JetBlue Will Start Scanning Your Face at Logan Airport
Sick of waiting at the airport? JetBlue has an idea: instead of checking your tickets before you board, how about we just scan your face?
Beginning in June, the airliner has announced it is testing out a new facial recognition system at Boston’s Logan Airport, part of an effort to do something about pre-flight congestion. Taking part in the test is voluntary, and only passengers flying from Logan to Aruba will be impacted.
It’ll work like this: A camera will snap a picture of your mug, that picture will be analyzed against pictures stored in a database, and if it’s a match, you can just walk right on to your plane. A Swiss firm called SITA is providing the technology.
The Boston test-run is the first of tests in seven cities. It could be the start of a new system that expedites the check-in process at security lines and other areas in airports, JetBlue VP Joanna Geraghty says.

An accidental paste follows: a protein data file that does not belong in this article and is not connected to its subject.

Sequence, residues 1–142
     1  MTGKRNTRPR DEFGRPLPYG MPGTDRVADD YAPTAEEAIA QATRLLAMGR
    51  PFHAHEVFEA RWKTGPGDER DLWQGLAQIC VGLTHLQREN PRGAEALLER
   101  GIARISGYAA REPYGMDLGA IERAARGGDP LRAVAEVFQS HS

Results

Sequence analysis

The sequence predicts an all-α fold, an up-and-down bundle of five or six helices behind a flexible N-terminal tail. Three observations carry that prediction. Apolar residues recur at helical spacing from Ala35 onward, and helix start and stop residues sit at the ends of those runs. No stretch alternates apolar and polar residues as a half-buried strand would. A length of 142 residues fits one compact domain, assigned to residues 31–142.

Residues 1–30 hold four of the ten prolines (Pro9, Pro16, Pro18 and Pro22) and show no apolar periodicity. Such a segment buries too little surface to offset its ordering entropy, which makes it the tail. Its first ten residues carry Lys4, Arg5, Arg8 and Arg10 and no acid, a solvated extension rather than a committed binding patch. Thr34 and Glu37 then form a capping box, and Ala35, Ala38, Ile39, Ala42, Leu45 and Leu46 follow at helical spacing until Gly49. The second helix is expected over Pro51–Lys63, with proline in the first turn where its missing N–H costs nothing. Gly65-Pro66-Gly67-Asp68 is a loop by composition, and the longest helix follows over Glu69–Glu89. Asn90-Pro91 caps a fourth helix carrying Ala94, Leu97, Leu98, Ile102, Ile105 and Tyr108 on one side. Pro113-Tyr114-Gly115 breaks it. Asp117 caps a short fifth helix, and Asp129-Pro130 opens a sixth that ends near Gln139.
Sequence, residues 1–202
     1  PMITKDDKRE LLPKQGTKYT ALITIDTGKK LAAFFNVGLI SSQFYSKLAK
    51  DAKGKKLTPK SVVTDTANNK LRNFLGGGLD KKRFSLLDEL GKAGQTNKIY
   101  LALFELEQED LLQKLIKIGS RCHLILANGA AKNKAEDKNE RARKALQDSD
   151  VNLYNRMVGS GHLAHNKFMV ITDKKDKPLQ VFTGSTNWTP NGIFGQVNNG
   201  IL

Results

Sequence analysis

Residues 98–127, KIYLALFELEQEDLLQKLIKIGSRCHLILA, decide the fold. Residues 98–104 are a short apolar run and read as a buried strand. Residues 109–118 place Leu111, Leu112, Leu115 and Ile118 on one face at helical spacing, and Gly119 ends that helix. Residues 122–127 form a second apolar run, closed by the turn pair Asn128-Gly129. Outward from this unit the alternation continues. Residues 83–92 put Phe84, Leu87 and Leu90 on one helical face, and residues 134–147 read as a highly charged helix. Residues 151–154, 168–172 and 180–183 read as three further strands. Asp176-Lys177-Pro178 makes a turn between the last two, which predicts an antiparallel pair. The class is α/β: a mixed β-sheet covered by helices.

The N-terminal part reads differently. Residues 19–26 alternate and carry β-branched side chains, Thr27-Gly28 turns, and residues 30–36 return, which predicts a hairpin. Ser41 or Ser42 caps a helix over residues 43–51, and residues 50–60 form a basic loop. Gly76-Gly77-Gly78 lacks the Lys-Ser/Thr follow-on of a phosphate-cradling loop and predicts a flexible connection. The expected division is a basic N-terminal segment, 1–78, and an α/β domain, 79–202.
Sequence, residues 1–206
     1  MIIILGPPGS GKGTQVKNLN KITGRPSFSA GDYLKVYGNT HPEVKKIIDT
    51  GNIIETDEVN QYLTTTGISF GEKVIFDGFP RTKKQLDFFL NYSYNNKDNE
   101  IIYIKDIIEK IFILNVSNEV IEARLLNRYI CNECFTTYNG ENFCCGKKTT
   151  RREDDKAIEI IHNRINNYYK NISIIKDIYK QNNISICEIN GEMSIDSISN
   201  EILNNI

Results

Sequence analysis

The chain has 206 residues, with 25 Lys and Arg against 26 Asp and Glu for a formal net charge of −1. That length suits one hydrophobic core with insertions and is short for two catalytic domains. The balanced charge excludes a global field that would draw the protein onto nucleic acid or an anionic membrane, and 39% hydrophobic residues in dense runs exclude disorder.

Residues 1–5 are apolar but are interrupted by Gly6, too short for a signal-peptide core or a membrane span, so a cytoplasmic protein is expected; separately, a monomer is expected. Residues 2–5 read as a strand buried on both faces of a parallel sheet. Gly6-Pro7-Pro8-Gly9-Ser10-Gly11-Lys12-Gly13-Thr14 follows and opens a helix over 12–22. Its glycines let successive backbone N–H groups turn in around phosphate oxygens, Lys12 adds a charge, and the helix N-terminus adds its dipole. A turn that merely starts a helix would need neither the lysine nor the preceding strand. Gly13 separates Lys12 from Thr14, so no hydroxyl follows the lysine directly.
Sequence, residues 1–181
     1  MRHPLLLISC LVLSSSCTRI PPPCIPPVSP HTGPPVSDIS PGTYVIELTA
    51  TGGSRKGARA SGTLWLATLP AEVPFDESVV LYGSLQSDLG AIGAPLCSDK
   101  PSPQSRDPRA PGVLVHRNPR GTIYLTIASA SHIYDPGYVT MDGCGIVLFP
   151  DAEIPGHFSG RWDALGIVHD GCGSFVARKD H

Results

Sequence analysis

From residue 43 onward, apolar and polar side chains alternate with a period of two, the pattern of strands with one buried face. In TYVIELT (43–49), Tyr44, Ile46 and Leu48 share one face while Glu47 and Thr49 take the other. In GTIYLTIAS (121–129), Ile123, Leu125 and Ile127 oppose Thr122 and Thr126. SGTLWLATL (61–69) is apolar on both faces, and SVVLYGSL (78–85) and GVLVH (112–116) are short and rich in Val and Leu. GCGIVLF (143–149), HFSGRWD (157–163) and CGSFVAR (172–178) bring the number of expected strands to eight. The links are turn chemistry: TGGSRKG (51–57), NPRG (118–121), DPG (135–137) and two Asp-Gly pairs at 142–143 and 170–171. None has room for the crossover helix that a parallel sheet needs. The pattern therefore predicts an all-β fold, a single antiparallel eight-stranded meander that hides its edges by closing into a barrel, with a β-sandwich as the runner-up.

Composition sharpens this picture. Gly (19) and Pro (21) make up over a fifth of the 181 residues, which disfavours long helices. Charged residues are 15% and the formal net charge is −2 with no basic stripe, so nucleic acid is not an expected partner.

“We hope to learn how we can further reduce friction points in the airport experience, with the boarding process being one of the hardest to solve,” Geraghty says in a statement. “Self-boarding eliminates boarding pass scanning and manual passport checks. Just look into the camera and you’re on your way.”
Everyone loves quicker lines, but not everyone loves having their visage surveilled—remember the backlash after Boston police used facial recognition software to monitor Boston Calling?—and there has been some concern raised about this latest use of the technology. Jeramie Scott, of the Electronic Privacy Information Center, tells the Globe there should be regulations in place that keep airlines from storing pictures of passengers once they’ve been scanned.
The test begins June 12.